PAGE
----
We need leaders, not ‘Lakhoba Lokhande’ as Bal Thackeray would have said
The spectacle of BJP leaders hosting yagnas for the Prime Minister’s long life bordered on the ridiculous as Indians remembered leaders of more substance
I remember someone hurling a stone at Mrs Indira Gandhi and breaking her nose. She made no fuss at that breach in Prime Minister's security. When Rajiv Gandhi was Prime Minister, there was another security breach when someone shot at him from behind the bushes at Raj Ghat on Gandhi Jayanti. Only, the gun was so rusty that the bullet missed the target.
Rajiv flew to Sevagram in Wardha soon after where an anxious Maharashtra chief minister SB Chavan had heard the news and embraced him tightly like a father comforting a son patting his back, repeating, “Thank God!” over and over again.
“Yes," said Rajiv Gandhi, pointing a finger towards the sky and patting Chavan back on the arm, smiling all through, “So long as He is smiling upon me, no one can do me any harm.”
Some years later, during the Mumbai riots, a bunch of citizens stopped P.V. Narasimha Rao's cavalcade, coming out of nowhere in Malabar Hill, the posh VIP area housing ministers along with the affluent, and complained how the curfew was keeping them indoors and they were unable to even walk their dogs.
Even as Sharad Pawar, then chief minister, lost his cool, the dour Rao thrust forward his pout and promised to do something to let out their dogs soon. It became a joke among us whenever we heard that song played that it was Rao who let the dogs out (or at least off)– not everyone got it.
When someone threw a shoe at Dr Manmohan Singh in Gujarat at a public meeting, he instructed the man to be released from police custody and went home without a fuss.
In no case was the state police held in dereliction of their duty and no protesting citizen was labelled a terrorist. There were probes into all incidents but the respective Prime Ministers went about their business with much else to do and no time to fuss or grumble.
So, what is it about the Punjab incident that makes the BJP cry foul and politicise the alleged security breach in Narendra Modi's detail? Is it that after having run out of surgical strikes and spectre of terrorist attacks, they are labelling all Punjabis and Sikhs as Khalistanis?
If so, between the injustice to farmers and now ordinary Sikh citizens, they may only be strengthening the determination of the anti -BJP voters in Punjab to keep them as far away from the state as possible.
In the meantime, it does afford the nation a lot of entertainment to have sundry BJP workers amuse us with a lot of mantra-tantra-puja-paath to overcome the evil designs of the alleged conspirators.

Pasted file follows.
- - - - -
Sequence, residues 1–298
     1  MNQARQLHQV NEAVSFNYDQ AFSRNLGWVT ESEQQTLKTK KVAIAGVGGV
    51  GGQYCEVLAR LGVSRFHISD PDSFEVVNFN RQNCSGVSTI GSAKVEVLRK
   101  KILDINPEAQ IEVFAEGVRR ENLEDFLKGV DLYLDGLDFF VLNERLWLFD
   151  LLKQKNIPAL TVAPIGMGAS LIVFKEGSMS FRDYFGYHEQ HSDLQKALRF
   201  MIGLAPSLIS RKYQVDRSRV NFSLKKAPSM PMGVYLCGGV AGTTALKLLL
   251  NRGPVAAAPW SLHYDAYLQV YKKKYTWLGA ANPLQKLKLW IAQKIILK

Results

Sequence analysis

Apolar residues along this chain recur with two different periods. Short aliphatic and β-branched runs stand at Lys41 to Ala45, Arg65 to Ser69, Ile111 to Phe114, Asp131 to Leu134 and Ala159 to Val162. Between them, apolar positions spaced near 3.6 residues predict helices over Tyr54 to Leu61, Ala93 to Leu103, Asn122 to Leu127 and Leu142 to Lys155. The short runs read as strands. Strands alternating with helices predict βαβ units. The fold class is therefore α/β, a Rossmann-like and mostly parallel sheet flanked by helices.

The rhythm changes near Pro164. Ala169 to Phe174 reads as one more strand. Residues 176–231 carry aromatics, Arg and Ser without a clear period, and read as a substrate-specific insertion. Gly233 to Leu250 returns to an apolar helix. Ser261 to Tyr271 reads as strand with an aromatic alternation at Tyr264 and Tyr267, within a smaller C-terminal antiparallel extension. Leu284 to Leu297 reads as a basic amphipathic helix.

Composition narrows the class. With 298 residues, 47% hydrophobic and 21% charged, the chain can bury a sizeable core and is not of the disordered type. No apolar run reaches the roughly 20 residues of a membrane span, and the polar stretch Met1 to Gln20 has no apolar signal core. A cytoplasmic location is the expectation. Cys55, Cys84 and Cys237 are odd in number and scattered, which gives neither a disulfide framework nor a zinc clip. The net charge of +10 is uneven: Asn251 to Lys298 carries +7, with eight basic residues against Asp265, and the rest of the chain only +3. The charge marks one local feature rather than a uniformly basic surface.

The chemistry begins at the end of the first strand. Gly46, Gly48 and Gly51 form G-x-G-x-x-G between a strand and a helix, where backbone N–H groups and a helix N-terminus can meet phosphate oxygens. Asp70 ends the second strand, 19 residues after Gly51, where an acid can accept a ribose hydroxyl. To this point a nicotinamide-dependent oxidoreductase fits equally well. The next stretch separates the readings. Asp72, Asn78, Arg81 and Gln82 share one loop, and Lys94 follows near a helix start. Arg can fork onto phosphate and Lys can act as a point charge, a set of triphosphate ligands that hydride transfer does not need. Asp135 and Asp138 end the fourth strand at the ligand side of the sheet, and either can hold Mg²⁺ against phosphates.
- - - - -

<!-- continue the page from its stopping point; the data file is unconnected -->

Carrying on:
I remember, soon after the split verdict in the 2019 Maharashtra assembly elections, Devendra Fadnavis had held a yagna in the early hours of the morning to continue residing at Varsha, the chief minister's official residence. He was sworn in the next morning but within 80 hours of that secretive oath taking, an atheist called Sharad Pawar had ousted him from office without the aid of any paath or puja but with just a wily mix of Machiavelli, Chanakya and some old-fashioned Indian jugaad.
Congress leader Digvijay Singh also lost an election despite the same priest from Madhya Pradesh performing a similar puja for him before the polls. Both are highly educated individuals but their belief in tantra-mantra than statecraft was more disappointing than amusing.
When it comes to my leaders, I prefer the stoic statesmen rather than the clownish comic entertainers. And I much prefer sober restraint to the shrill hysteria that is more often than not on public display these days.
Oh, how I long for a leader of the stature and dignity of Mrs. Gandhi who refused to dismiss her Sikh bodyguards despite knowing they could be a security threat to her person. How I long for a leader like Rajiv Gandhi, who charmed the world press with his one-liners despite his initial media-shyness and turned his smile on the statesmen of his time without having to hug them to our national mortification.
How I wish even for someone like Rao, whose wisdom impressed even if it did not charm. And how I long for the return of Manmohan Singh, who kept the economy afloat through hard times and lifted millions out of poverty instead of pushing us into penury.
How I wish for a leader who would have rather more to his repertoire than fake news and high drama and more courage than communal rhetoric. And who could write home about more than just security breaches and so-called Khalistanis.
How I long for a leader with political savvy, sophistication, civility, refinement and, above all, a record of doing something for the people instead of obsessing about one community, one party or even just one leader. How I long for a leader who was truly nationalist and not just a poseur who cannot even protect India's borders.
But most of all, I long for a leader I can be proud of, whatever my differences with him or her and who does not make me cringe, nationally and internationally unlike the current crop of men and women in government. The latter are mostly shrews but does the English language have an adequate word for those in Modi's mould, a mix of a comedian, a drama king, a faker, a fibster and a scaredy-cat?
If Bal Thackeray had been alive, he might have described a man like this as Lakhoba Lokhande – a memorable character from Acharya Atre'e famous play Toh Mee Navhech (that’s not me).
I say no more.
Non-Marathi readers do look up the references. You will know what I mean.
(The writer is Consulting Editor, National Herald, Mumbai. Views are personal)